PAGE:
This is a wake-up call for humanity to grow up fast, to stop all its petty bickering and fighting, and to join together to address the common threat. Over the course of several years, a spacecraft is built and a mission planned to investigate the Ring at close range. During this time, Aki has become a world-famous figure. Her discovery sparked in her an unquenchable passion to uncover the truth, and after an intense college education in the sciences she has become the world’s foremost “Ringologist.” So it’s no surprise when she is chosen for the mission.

Upon reaching the Ring, Aki succeeds in discovering it’s purpose — or at least a part of it — which leads to an even bigger revelation: our solar system is going to have visitors. This leads to a whole new set of questions. What will these aliens be like? Why are they coming here? Is it an invasion? Do they even know there’s life on Earth? How can we communicate with them?

The book’s cover blurb compares it to the work of Clarke, and I do get a vague sense of that, although I can’t put my finger on exactly why. I was reminded more of Lem, actually, in that one of the main themes of Usurper is the unlikelihood of any truly meaningful communication with an alien species.

This is a well-told and engaging story with a fascinating premise that takes a mature approach to the well-known first contact scenario. My only complaint might be that there’s a certain innocence to the whole thing, a kind of airy, Young Adult style to it. I don’t know if that was the author’s intention, or if maybe that’s a general Japanese aesthetic, or what. I just would have preferred a bit more sophistication in some of the story’s aspects, particularly in the characterization department. But minor complaints aside, it’s a good fun read, and I think you’ll enjoy it.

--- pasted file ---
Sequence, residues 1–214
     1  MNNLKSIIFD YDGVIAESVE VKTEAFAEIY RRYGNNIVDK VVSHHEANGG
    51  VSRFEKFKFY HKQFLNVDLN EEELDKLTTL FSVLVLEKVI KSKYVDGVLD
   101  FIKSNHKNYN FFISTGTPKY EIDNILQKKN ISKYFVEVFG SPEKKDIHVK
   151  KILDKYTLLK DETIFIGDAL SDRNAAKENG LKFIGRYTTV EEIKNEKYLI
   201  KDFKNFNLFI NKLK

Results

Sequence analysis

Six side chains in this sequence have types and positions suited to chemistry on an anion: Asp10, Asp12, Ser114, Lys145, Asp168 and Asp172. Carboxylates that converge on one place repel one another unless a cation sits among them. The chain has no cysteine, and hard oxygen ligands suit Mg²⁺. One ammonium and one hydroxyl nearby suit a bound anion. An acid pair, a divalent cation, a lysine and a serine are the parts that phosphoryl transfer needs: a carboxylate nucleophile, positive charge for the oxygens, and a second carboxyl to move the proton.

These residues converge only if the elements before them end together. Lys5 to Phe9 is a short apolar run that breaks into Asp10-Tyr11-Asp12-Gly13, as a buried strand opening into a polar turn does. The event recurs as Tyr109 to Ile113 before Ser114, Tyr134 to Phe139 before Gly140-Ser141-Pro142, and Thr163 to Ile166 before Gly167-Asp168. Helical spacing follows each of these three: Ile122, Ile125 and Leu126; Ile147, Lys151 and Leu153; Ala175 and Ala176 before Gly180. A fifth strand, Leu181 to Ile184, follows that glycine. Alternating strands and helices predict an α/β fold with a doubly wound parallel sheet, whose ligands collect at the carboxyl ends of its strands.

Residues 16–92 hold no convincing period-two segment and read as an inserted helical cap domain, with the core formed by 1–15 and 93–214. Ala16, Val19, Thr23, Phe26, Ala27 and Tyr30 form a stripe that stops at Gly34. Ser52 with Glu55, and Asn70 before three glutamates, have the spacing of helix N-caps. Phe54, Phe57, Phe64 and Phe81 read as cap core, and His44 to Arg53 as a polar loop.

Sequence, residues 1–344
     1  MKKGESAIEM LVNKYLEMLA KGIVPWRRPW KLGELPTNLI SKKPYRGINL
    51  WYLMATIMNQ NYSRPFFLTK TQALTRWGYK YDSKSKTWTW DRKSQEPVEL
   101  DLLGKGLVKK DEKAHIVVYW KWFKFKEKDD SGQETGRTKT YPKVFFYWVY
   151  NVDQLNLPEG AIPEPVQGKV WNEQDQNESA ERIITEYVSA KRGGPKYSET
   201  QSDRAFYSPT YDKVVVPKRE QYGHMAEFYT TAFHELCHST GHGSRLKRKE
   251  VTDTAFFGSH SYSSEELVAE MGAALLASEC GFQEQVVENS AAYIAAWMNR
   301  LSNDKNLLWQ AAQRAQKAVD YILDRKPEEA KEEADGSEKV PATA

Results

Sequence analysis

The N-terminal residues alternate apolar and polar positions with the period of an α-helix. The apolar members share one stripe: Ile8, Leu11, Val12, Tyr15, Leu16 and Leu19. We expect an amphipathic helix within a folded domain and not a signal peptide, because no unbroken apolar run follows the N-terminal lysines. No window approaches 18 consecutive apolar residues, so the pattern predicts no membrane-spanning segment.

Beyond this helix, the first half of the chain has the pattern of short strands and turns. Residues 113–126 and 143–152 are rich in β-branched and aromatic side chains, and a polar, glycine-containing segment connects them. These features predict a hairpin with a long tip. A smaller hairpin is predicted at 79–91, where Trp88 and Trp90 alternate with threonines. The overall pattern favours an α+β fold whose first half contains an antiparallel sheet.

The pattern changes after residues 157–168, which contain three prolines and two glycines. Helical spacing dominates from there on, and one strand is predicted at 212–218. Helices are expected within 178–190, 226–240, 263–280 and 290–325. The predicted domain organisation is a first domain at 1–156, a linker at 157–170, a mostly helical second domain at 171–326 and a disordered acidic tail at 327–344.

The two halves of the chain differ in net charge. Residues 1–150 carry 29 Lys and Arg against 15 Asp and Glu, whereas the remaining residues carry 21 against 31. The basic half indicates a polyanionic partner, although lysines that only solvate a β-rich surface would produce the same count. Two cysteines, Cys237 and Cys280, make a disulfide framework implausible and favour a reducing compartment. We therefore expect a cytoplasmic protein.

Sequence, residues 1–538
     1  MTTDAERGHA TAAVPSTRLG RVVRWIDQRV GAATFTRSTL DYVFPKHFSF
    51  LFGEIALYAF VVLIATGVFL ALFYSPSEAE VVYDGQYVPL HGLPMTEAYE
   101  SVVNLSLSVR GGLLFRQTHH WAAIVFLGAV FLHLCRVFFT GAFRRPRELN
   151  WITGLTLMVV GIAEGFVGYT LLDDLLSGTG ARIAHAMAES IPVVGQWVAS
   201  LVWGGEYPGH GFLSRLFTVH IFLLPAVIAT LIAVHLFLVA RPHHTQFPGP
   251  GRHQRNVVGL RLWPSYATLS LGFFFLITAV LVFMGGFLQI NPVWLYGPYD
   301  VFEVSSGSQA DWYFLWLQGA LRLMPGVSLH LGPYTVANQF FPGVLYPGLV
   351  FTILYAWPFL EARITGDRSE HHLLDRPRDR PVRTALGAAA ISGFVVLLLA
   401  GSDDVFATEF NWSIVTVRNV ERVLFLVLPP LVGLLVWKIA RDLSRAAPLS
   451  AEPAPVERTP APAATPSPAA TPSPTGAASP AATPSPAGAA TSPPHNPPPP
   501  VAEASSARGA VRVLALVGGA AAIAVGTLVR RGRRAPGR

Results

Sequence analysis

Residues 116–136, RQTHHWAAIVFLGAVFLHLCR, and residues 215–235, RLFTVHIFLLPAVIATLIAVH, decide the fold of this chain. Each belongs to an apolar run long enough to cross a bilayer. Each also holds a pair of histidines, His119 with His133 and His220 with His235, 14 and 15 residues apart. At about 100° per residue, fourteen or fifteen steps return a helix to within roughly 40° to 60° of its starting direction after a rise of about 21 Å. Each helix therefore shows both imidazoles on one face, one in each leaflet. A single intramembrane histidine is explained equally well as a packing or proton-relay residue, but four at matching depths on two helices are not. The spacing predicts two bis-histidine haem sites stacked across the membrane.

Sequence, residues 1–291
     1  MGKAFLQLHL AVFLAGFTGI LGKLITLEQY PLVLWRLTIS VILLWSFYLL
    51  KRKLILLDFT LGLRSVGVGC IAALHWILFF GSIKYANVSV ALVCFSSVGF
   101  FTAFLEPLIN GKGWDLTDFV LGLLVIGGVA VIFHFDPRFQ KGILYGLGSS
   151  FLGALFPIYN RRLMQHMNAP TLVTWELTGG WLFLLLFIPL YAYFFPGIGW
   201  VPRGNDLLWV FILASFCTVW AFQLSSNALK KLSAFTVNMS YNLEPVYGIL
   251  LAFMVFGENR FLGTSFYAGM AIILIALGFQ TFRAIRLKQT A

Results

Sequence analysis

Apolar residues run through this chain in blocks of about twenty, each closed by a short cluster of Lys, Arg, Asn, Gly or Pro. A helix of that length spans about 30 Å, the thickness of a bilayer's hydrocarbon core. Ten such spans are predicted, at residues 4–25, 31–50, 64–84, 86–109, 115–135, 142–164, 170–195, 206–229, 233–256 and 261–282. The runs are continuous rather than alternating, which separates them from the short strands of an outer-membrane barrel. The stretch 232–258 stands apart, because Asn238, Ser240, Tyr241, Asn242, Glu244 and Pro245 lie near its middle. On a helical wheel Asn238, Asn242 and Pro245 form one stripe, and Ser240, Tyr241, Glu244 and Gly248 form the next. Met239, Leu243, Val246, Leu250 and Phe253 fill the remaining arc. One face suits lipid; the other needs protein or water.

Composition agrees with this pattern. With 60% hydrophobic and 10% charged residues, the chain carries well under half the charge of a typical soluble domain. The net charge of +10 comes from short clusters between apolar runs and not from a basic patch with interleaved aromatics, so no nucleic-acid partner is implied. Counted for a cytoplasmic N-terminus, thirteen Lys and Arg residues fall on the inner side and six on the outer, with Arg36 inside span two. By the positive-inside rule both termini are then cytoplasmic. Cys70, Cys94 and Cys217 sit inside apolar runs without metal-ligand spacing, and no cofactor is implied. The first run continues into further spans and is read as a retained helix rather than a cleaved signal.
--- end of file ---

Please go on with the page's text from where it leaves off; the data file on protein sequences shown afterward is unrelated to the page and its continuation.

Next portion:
Revisiting an old favorite — Friedman’s In Conquest Born

The K’airth-v’sa — literally, “mate of the private war” — was as attractive to the Braxaná warrior as he or she was deadly. And it could be a woman. Yes, though years of male dominance had buried that fact. And if any woman deserved the title, this one certainly did.

Title: In Conquest Born
Author: C. S. Friedman
Year: 1986
Rating: 4 out of 5 stars

conquestbornI don’t often re-read books because there’s too much out there I haven’t read yet, and I don’t like to spend time retreading old ground. I pulled this old favorite out for a re-read for two reasons. First, I hadn’t read it since back in the 80’s. I recalled it as one of my very favorites, but my recollection was becoming hazy, so I wanted to see how it compares to my memory. (As it turns out, it’s not quite the masterpiece I remembered from my teen years, but it’s still a very strong novel.) Second, I only recently noticed that Friedman wrote a sequel which was published a few years ago (The Wilding, 2004), so before reading that I needed to get back up to speed.

In Conquest Born is a tale of obsessive personal vengeance set against the background of a never-ending war between two divergent branches of humanity. Zatar is a Braxaná, one of the ruling class of the Braxin Holding. Braxin society is male-dominated, racially segregated, highly warlike, and regards cruelty and hatred as virtues, the softer emotions as disabilities, and barbarism as a desirable aesthetic value. The Braxaná are their rulers, a different racial strain that perpetuates an image of superiority over the masses. They have almost unlimited power — they can put ordinary Braxins to death on a whim, take over command of military fleets, or raze entire planets that oppose them. Their philosophy might be summed up like this:

We recognize that in man’s nature there is a drive to oppress others, be they truly alien or his own women. Perhaps the true measure of his power is how openly he can indulge in this.